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1876 Redestruction: Supreme Court puts the final nail in the coffin of Reconstruction

 From the winner of 2019 Pulitzer Prize: Frederick Douglass, Prophet of Freedom by David W. Blight

As the election neared in 1876, all knew the last vestiges of Reconstruction policies and regimes were at stake in the remaining "unredeemed" Southern states.

In 1876 the project of Reconstruction, and perhaps the United States itself, were like a huge battleship slowly turning around as it lost power; once turning, it could hardly be stopped, even if the same group of officers remained at the helm. 

That year the Supreme Court weakened the Reconstruction-era constitutional amendments by emasculating the enforcement clause of the Fourteenth Amendment and revealing deficiencies in the Fifteenth Amendment. 

In US v. Cruikshank, based on prosecutions for the horrible Colfax massacre of  1873, the Court overruled the conviction of Louisiana whites who had attacked a political meeting of blacks and conspired to deprive them of their rights. 

The justices ruled that the Fourteenth Amendment did not give the federal government power to uphold a conviction against the whites who had committed a mass murder of more than one hundred black Louisianans exercising political liberty. 

The duty of protecting citizens' equal rights, the Court said, "rests alone with the States." 

Such judicial conservatism and embrace of states' rights doctrine, practiced by the justices, all of whom had been appointed by Republican presidents Lincoln and Grant, left a resounding imprint on what remained of Reconstruction.

Douglass directly challenged the white delegates on the vagueness of their platform and the weakness of their commitments. 

"You have emancipated us, and I thank you for it," Douglass announced.
"You have enfranchised us, and I thank you for it. 
But what is your emancipation ... if the black man, after having been made free by the letter of the law, is unable to exercise that freedom; and after having been freed from the slaveholder's lash he is to be subject to the slaveholder's shotgun?"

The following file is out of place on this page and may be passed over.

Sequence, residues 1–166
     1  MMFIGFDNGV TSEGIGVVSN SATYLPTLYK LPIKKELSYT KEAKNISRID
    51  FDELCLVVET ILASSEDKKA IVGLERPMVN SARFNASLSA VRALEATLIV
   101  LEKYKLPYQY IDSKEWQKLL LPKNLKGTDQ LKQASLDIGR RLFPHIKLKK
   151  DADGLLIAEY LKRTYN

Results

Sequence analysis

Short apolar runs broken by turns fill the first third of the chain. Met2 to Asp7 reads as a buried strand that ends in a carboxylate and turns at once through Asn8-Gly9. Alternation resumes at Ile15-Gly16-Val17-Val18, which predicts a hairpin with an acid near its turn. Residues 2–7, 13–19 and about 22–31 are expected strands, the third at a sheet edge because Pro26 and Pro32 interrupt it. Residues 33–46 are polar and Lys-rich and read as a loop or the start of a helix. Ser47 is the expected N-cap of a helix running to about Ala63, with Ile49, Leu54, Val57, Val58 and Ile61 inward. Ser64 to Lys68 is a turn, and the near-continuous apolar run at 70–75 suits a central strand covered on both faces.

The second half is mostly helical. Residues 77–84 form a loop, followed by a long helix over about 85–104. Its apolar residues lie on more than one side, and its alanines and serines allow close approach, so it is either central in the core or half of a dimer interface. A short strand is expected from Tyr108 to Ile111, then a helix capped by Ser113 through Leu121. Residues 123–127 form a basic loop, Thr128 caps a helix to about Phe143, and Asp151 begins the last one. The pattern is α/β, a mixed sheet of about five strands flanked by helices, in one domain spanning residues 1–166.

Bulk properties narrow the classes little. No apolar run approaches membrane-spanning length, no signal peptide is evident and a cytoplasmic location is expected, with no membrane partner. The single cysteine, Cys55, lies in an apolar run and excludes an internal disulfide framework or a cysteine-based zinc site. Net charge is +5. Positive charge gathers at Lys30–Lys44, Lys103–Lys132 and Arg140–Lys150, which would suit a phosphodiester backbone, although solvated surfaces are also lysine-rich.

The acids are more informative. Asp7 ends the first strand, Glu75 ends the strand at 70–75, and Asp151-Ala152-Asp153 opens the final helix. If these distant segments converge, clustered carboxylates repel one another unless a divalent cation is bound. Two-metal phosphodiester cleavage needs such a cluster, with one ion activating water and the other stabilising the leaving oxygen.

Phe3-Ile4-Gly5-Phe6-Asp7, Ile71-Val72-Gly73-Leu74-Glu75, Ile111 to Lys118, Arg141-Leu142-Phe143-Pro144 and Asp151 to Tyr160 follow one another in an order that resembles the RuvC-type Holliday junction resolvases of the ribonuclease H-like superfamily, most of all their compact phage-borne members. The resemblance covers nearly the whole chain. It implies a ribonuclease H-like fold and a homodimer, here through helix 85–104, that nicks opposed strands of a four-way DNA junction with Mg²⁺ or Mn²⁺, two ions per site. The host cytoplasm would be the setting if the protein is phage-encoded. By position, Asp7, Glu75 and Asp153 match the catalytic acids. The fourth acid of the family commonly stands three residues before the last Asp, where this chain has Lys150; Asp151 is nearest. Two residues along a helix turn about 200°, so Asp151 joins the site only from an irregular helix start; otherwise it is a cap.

"Do you mean to make good the promises in your Constitution? 
Talk not to me of finance. 
Talk not of mere reform in your administration ... but tell me, if your hearts be as my heart, that the liberty which you have asserted for the black man  in this country shall be maintained!

Many Americans worried that the nation would once again slip into civil war, as some Southerners vowed.
This cliff-hanging constitutional crisis (after the disputed election of 1876) found an end in what became known as the Compromise of 1877, a deal struck in part in a smoke-filled room of a Washington hotel at the eleventh hour:
promises to the South of federal patronage, and the removal of any remaining troops in the ex-Confederacy.

Thus Hayes became president, inaugurated privately inside the White House to avoid any threat of violence.

White Southern Democrats rejoiced in what they clearly saw as the end of Reconstruction, while African Americans had little choice but to grieve over what appeared as a betrayal of their hopes for equality.


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